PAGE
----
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The partners each file a Schedule C along with the joint 1040 form.

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State Entity” Exclusion

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If your business is a state entity, most commonly an LLC, YOU, NORMALLY, MAY NOT FILE AS A QJV ...However ..., spouses doing business in a community-property state — Arizona, California, Idaho, Louisiana, Nevada, New Mexico, Texas, Washington, or Wisconsin — are exempt from this rule.

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SO ... You're fine here - Just file two schedule C's for your LLC, and by doing so, you are electing the Qualified Joint Venture.

Please let me know if you have ANY questions at all, before rating me.

If this has helped, and you DON’T have other questions … I'd appreciate a positive rating (using the stars or faces on your screen, and then clicking “submit")

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Thanks,

Lane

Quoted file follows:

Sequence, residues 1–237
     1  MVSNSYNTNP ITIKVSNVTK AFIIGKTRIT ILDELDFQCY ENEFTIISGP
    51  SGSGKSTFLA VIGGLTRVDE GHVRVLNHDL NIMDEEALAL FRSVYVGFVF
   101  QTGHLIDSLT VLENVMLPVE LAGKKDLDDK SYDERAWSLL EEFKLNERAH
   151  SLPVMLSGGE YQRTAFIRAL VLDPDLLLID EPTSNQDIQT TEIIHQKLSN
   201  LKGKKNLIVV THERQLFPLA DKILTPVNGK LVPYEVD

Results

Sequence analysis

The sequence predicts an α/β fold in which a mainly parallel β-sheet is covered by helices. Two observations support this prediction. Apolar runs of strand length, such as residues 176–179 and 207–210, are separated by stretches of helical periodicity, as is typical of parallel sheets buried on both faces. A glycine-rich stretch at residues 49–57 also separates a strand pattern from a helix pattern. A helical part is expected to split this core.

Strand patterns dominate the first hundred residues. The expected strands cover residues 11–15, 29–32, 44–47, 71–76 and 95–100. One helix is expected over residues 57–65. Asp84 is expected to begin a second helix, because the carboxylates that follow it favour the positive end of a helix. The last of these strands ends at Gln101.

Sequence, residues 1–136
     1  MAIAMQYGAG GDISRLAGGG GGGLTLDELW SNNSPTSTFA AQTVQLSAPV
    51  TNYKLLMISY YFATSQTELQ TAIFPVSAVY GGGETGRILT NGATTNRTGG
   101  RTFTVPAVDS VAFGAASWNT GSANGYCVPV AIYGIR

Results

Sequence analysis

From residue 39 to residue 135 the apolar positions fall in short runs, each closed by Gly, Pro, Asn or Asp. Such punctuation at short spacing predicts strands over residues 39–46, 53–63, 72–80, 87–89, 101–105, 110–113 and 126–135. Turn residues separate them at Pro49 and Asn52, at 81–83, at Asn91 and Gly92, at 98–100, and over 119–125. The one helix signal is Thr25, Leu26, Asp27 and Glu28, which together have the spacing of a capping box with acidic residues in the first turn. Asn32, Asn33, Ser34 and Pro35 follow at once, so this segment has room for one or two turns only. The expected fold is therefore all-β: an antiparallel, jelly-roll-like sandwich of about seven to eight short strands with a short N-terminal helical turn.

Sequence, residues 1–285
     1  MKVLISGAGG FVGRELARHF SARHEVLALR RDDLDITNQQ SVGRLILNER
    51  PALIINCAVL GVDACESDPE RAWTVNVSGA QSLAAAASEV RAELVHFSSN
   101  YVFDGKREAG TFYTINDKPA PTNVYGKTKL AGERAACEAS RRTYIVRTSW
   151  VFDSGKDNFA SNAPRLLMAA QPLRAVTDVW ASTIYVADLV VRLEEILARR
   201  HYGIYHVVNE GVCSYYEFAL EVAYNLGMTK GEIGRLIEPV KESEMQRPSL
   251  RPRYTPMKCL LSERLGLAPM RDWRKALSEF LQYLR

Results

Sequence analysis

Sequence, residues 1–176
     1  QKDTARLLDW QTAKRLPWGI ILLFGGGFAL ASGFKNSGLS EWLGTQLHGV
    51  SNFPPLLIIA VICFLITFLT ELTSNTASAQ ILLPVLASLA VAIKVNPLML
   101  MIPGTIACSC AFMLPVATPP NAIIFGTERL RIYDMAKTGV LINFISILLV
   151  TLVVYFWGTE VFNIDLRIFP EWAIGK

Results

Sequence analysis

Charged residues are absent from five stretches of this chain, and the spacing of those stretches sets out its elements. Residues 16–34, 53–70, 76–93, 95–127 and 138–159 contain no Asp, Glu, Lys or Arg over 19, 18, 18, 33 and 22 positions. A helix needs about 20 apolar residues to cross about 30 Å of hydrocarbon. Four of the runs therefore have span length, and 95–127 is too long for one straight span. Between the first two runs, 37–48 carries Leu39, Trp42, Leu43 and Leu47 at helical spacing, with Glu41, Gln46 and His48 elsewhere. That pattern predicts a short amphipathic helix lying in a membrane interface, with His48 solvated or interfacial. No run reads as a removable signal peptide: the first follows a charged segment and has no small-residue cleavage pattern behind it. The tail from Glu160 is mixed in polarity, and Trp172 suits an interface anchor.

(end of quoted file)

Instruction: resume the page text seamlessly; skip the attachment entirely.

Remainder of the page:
Customer: replied 1 month ago.
Hi Lane,Thank you for the information regarding the QJV. However, I was most concerned about the EIN. I'm ashamed to admit it but we were overly excited to start our business and applied for our EIN as an LLC partnership before actually filling an articles of organization with the California Secretary of State. After becoming aware that California Charges a $800 franchise tax each year we decided that we did not want to be an LLC. So, my question is should we cancel the LLC EIN that we have and apply for a new EIN, or can we correct our EIN to be a general partnership or QJV?

The EIN can still be used for the LLC that's treated as a Qualified joint venture (by filing two Schedule C's) rather than defaulting to partnership taxation for multi-member LLCs (and then filing a 1065)

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Either way, as a partnership OR as an LLC you'd have the franchise tax.

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What I'll need to research, as it relates to California, is whether California treats the QJV as a sole proprietorship (husband and wife sole proprietorship, another name for the QJV when the LLC entity simply isn't used).